When I was a wee lad of Lansingburgh, I spent much of my time on my own. My brother and sister were much older than I, and more of a babysitting burden for their hot rodding and rollicking 1960s world. But I can't complain. I had models to build.
I got the bug from my brother, I guess. We had a storage room above our kitchen (servant/slave quarters of another time) and my brother had his ships there, just lined up on the floor. Spanish galleons, battleships, destroyers all there for inspection...and bath tub sailing. This last was an error on my person, but hey I'm seven years old, what did I know? My brother was not pleased, and I was lucky to not be pummeled by him. What I did get was his ability to his craft, whether it be boat models or suped up Camaros. He could fix any engine anywhere and any time, and people from Lansingburgh and the environs came to his garage for help, and talk.
I started building models, usually cars but now and then something like the picture above. That's the Frankenstein monster from the 1930's classic films. It's done in oils. Like I did the first time when I was about thirteen. I threw it out when I went to college. I'm all grown up. I don't this crap. So.... model cars - hit the road, boats - you're sunk, planes - just take off. They all went. The toy box went to my nephews, and whatever was in there was now theirs.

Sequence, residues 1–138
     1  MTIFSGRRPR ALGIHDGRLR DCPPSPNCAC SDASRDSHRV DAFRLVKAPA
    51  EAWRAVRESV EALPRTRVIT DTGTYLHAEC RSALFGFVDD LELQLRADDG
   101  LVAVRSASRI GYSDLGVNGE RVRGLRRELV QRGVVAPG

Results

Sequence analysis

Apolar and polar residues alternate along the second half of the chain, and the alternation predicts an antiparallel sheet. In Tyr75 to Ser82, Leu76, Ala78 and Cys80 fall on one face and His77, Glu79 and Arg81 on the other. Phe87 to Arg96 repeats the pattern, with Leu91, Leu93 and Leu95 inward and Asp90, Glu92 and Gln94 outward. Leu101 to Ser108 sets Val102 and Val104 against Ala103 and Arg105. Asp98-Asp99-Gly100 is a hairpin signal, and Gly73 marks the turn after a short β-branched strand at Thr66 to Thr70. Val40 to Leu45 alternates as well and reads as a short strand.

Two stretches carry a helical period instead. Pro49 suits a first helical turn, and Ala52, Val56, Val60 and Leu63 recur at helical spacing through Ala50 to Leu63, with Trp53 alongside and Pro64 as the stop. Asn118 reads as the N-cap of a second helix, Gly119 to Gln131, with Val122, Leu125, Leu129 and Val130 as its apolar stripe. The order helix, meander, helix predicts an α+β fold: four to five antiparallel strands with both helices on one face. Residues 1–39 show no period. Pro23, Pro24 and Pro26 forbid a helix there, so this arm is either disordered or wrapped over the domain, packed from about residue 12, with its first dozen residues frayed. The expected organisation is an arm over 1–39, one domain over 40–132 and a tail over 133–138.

I did keep one tank, and it went where I went:
This is a Panzerkampfwagen IV from WWII that was put out by the Monogram Company in the late 1960s. Those two tank soldiers have been in or on that steel trap for 40 years or so. I was never sure what my fascination was with the Wehrmacht, but I was now a teenager, and just going through the phase. I also had motorized Patton tanks, just to keep things even. So this tank was the only won to make the trip here to Malta, but now the guys are joined by others: